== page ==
When I was in seventh grade, my nemesis ripped my school picture into sections, scotch-taped the pieces back together, and then passed around the disfigured-looking picture to our schoolmates, egging them on to say nasty things.
“Heather’s a monster.”
“She looks deformed.”
“So pretty! Yeah, pretty ugly.”
It was hurtful. And I cried about it at home. But within a day or two, the picture was lost or thrown away and the incident faded. My guess is that none of the bullies even remember it now. My memory is the only record.
Kids aren’t so lucky today.
The picture would have been posted on Instagram, Twitter, Facebook, Snapchat, and maybe even stored in a photo vault. The bully and her minions would have been forever cast as the mean girls. And I’d have had the nasty picture, the LIKES, and the resulting comments digitally frozen in my Internet history.
Like I said, kids aren’t so lucky today.
With the iPhone camera ever ready, there's a constant pressure to record each moment, to snap pictures, and subsequently to accumulate LIKES and SHARES. Even the most well adjusted young girls are concerned about their looks and online profiles. The pictures that are the most popular are the hot ones. NPR did a fascinating story about this hot-photo-to-LIKE-ratio.
It’s sad, but true: show more skin, be more popular.
Recently, the issue hit home when my daughter attended the birthday party of a thirteen-year old friend. Beforehand, she agonized because it was a whirlpool party and the expectation was that all the girls would pose in their swimsuits for a hot Instagram photograph.
“What should I do?” she asked.
“Keep your T-shirt on.”
“But everyone will make fun of me.”
“Well, then just stay under the water.”
And that’s what she did. In the picture on the birthday girl’s Snapchat story, you can see my daughter, from the neck up, in the back of the whirlpool.
At least she had a plan going into the situation.
The pressure is constant.
Girls vamp for the camera.
Hands on hips.
Butts popped out.
Stomachs sucked in.
Hair just right.
It’s a nasty by-product of the Kardashian era. There’s an unrelenting undercurrent that equates popularity with bare skin. Feminists might argue that it’s a girl’s choice of expression. That we’ve fought to get to this point—that we’ve earned the right to flaunt it or not flaunt it.
But it sure creates a parenting dilemma.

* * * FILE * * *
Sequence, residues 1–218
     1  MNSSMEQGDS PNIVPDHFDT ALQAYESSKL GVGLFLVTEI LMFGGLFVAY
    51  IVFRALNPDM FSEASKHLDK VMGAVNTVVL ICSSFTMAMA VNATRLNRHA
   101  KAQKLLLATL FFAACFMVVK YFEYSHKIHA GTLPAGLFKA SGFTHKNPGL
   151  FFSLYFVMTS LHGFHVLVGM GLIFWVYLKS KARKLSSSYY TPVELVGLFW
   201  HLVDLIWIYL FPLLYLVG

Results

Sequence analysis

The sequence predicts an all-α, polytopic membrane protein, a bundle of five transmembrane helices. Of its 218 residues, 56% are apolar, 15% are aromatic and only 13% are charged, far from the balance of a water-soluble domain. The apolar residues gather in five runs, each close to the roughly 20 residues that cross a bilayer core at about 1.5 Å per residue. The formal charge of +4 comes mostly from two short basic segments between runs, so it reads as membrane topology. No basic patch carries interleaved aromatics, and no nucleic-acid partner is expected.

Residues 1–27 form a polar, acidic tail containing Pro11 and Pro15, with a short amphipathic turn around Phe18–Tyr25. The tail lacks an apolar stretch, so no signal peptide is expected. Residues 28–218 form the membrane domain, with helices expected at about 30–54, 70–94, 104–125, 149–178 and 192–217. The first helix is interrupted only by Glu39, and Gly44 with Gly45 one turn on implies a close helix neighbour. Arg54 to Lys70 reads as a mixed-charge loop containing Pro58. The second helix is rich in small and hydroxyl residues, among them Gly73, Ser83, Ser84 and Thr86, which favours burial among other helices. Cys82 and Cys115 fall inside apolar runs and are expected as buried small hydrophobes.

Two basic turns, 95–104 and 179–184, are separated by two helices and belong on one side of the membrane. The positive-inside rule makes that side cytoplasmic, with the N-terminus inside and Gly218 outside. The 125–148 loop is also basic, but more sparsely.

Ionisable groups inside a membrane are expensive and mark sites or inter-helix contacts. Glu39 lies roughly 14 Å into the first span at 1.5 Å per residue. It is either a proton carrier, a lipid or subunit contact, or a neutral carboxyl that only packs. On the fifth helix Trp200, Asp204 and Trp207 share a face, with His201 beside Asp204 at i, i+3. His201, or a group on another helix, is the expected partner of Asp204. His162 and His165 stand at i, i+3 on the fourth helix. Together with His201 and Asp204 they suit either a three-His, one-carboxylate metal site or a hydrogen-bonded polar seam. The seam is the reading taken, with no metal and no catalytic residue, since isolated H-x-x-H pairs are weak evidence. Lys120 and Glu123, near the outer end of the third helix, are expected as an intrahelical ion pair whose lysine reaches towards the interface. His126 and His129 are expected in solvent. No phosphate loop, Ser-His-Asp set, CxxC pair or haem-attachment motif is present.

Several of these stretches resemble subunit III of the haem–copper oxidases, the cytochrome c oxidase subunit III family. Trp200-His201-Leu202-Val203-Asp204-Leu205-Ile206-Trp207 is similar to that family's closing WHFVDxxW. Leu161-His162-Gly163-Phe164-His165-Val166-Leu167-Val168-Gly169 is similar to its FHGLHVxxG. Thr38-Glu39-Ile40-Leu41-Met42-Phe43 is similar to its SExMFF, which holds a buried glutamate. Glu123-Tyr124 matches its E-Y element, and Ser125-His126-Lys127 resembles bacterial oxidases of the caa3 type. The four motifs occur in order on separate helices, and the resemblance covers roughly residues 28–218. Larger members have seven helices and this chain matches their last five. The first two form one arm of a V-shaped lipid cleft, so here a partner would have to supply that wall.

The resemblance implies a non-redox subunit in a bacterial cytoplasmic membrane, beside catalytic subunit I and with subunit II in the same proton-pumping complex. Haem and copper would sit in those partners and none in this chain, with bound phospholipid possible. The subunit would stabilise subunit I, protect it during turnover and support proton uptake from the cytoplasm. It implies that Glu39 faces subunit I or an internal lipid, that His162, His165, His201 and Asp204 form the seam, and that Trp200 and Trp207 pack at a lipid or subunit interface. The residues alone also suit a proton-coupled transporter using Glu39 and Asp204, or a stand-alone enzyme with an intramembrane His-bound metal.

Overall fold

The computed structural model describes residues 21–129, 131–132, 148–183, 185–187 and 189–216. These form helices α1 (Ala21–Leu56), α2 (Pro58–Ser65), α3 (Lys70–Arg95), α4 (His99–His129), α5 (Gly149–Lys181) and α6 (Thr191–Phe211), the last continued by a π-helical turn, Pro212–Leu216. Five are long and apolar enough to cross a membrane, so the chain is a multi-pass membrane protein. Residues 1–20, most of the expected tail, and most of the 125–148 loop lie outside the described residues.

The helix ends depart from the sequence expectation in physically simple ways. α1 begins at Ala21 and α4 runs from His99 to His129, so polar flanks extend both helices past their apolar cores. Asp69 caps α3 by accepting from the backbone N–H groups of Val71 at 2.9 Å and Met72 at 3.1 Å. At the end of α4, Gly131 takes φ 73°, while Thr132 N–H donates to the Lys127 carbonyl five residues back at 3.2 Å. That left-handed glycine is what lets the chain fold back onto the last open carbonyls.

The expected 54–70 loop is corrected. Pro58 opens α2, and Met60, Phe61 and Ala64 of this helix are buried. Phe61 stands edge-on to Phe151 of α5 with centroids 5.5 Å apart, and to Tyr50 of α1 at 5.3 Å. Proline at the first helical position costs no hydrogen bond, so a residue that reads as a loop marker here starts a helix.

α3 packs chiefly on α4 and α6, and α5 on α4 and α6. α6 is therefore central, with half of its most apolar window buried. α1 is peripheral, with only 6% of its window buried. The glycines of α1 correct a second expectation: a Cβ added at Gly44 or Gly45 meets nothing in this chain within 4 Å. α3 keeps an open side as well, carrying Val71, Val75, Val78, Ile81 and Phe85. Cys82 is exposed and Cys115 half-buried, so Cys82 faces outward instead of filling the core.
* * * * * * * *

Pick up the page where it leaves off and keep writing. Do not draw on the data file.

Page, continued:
Teenage boys make wild, impulsive decisions because their frontal lobes are not fully developed. Well, let’s not be sexist. Girls do stupid things, too—for the same stupid reason boys do: they’re kids and they’re subject to peer pressure. And they want to be liked and to fit in.
Social media is unavoidable.
Today, a picture becomes more than a picture, but rather a part of who a person is—once taken, it’s frozen and always accessible. Colleges search online profiles all the time. Kids are creating photographic histories that will surely outlast their youthful mistakes.
The hot photo debate seems like small potatoes when you hear about sexting and drinking photographs going viral. But this is where it starts—with the acceptance of baring too much, too early. Everybody’s tolerance level gets higher (both the poser’s and the viewer’s). And before you know it, SEND NUDES, becomes the plea.
So what’s the answer?
Maybe one solution is The Grandparent Litmus Test.
I tell my kids that if they’d be embarrassed if Grandmom or Pop Pop saw a picture (of themselves or others) that they have on their phone, then the picture is not okay. Do not take it. Do not pose for it. Do not post it.
Don’t do it.
I hope they are listening.
The stakes are high.
No longer are mean girls passing around your rearranged school portrait. If the wrong digital image gets out there, it could fly away with your life.
Kids aren’t so lucky today.
According to the Centers for Disease Control, these are the leading causes of death for infants and preschoolers. Awareness is key
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